Title 1 is the largest federal aid program for public schools in the United States. Today, Title 1 is part of the No Child Left Behind Act of 2001 (NCLB) but originated from the Elementary and Secondary Education Act of 1965 (ESEA) as part of President Lyndon B. Johnson’s “War on Poverty”. This landmark educational bill, passed during Johnson’s “Great Society”, changed the funding of school districts from a local level to a national responsibility. Title 1 provides federal funds to schools with high percentages of low-income students. These funds pay for extra educational services to help atrisk students achieve and succeed regardless of any disadvantages through no fault of their own.
Title I is a federal entitlement program that gives funds to schools in need based on student enrollment, the free and reduced lunch percentage for each school, and other informative data. The US Department of Education distributes Title 1 funds to State Departments of Education that, in turn, distribute the funds to individual school districts. Each school district divides its funding among qualifying schools based on their numbers of low-income children. In addition, under Title 1, participating school districts must provide supplemental educational services for eligible private school students.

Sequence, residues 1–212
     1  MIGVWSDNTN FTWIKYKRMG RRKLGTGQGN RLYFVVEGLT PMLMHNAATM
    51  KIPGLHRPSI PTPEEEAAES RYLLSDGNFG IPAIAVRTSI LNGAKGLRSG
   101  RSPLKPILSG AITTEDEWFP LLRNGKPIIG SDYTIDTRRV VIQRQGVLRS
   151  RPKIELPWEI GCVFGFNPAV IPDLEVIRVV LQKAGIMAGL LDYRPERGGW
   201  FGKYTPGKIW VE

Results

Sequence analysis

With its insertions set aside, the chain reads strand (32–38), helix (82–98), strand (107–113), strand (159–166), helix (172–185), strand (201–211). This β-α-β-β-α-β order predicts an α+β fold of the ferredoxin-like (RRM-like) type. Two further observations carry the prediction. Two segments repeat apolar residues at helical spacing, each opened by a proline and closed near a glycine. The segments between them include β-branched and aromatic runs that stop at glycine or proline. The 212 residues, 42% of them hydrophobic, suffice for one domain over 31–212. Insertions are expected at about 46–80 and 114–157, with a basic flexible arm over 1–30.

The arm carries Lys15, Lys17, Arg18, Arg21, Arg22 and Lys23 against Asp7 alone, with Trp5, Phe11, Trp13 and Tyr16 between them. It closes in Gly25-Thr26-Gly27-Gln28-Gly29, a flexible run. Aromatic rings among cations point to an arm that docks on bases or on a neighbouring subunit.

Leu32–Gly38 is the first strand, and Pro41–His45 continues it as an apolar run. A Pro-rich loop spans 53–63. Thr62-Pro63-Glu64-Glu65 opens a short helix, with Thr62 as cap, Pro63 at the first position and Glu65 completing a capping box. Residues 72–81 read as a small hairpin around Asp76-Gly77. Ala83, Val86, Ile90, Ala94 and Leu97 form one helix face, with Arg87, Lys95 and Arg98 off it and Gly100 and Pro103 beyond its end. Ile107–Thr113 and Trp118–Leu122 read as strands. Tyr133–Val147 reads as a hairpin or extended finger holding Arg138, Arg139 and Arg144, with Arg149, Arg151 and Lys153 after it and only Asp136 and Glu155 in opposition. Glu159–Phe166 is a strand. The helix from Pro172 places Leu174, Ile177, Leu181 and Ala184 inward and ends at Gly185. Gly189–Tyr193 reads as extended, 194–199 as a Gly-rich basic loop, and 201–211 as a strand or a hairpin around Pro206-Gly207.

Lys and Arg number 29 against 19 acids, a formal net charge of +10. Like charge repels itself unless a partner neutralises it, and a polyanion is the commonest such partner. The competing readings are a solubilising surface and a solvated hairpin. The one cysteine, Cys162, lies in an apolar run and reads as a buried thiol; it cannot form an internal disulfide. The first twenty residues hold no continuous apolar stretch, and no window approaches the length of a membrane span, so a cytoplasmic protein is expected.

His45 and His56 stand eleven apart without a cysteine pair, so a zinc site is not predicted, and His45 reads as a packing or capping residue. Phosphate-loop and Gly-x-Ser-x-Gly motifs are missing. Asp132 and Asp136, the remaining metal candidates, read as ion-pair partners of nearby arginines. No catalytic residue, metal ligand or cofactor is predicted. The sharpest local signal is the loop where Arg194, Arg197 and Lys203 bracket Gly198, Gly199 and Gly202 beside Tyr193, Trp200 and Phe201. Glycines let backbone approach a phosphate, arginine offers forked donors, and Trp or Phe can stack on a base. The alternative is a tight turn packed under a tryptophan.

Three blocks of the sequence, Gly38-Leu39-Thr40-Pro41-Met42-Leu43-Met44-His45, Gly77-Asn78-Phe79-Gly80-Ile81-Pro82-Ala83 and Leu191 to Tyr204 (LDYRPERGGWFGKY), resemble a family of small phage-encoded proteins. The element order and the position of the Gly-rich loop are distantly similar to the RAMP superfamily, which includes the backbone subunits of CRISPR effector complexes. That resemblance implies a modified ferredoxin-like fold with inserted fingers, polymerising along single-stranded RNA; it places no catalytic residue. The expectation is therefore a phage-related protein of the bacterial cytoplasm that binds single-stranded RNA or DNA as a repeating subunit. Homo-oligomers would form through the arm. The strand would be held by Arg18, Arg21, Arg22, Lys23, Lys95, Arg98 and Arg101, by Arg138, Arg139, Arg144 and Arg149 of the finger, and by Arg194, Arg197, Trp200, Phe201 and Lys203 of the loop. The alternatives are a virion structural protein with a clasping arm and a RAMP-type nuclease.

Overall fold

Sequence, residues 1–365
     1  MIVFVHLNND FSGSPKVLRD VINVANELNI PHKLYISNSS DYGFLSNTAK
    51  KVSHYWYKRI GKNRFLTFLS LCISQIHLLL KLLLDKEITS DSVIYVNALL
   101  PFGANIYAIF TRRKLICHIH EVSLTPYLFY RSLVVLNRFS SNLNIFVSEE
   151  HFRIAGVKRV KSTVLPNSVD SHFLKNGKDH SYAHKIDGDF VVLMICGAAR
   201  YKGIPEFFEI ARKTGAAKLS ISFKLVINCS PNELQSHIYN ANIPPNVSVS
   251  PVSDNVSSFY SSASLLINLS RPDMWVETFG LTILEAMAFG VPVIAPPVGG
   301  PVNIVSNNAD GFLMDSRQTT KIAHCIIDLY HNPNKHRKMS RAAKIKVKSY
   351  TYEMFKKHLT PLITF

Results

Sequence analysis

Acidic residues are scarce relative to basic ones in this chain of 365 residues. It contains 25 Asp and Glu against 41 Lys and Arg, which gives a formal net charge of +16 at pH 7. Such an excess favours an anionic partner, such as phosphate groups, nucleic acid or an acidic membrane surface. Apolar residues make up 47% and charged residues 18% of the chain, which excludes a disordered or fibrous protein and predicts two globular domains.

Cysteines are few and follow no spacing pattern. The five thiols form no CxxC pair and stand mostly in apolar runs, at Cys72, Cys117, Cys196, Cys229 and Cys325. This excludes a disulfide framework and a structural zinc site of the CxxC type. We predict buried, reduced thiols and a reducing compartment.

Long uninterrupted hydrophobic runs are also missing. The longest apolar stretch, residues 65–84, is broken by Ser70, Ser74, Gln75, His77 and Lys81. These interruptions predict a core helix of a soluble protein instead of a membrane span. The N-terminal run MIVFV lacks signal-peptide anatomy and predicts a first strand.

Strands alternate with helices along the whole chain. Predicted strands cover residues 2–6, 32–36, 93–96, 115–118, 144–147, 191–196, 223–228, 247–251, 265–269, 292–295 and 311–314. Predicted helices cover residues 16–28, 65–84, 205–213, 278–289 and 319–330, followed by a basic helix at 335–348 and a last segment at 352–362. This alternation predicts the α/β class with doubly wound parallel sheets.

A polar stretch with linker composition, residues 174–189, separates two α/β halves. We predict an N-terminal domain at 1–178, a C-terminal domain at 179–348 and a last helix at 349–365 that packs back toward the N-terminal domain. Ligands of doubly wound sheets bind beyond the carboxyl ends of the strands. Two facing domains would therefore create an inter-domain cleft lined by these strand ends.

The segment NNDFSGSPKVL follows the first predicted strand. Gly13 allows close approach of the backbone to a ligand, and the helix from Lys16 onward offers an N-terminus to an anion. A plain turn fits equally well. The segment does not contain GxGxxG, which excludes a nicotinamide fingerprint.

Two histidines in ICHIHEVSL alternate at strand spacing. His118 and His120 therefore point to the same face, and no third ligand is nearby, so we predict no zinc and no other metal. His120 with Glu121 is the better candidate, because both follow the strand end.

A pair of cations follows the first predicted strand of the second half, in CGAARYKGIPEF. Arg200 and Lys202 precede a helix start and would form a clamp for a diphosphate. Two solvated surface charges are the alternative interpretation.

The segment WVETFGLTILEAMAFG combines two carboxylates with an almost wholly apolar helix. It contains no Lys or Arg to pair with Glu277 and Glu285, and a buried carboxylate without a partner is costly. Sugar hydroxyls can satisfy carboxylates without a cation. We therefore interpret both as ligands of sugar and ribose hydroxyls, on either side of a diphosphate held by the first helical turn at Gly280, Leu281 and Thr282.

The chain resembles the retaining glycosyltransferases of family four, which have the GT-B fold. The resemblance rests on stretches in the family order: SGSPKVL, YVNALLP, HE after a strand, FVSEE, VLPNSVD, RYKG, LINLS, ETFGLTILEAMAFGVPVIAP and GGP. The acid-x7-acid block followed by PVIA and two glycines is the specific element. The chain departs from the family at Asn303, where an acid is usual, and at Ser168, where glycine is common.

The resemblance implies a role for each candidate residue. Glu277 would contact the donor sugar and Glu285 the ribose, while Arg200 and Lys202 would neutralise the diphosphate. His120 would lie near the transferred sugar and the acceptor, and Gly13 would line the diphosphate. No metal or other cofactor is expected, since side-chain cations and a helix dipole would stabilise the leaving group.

Nationwide, some 50,000 public schools (14.9 million or 64% of students) from preschool to high school receive Title 1 funds. However, most of the students served through Title 1 are in grades 1-6, while another 12% are in preschool and kindergarten. An astounding 58% of all public schools in the US receive Title 1 funding.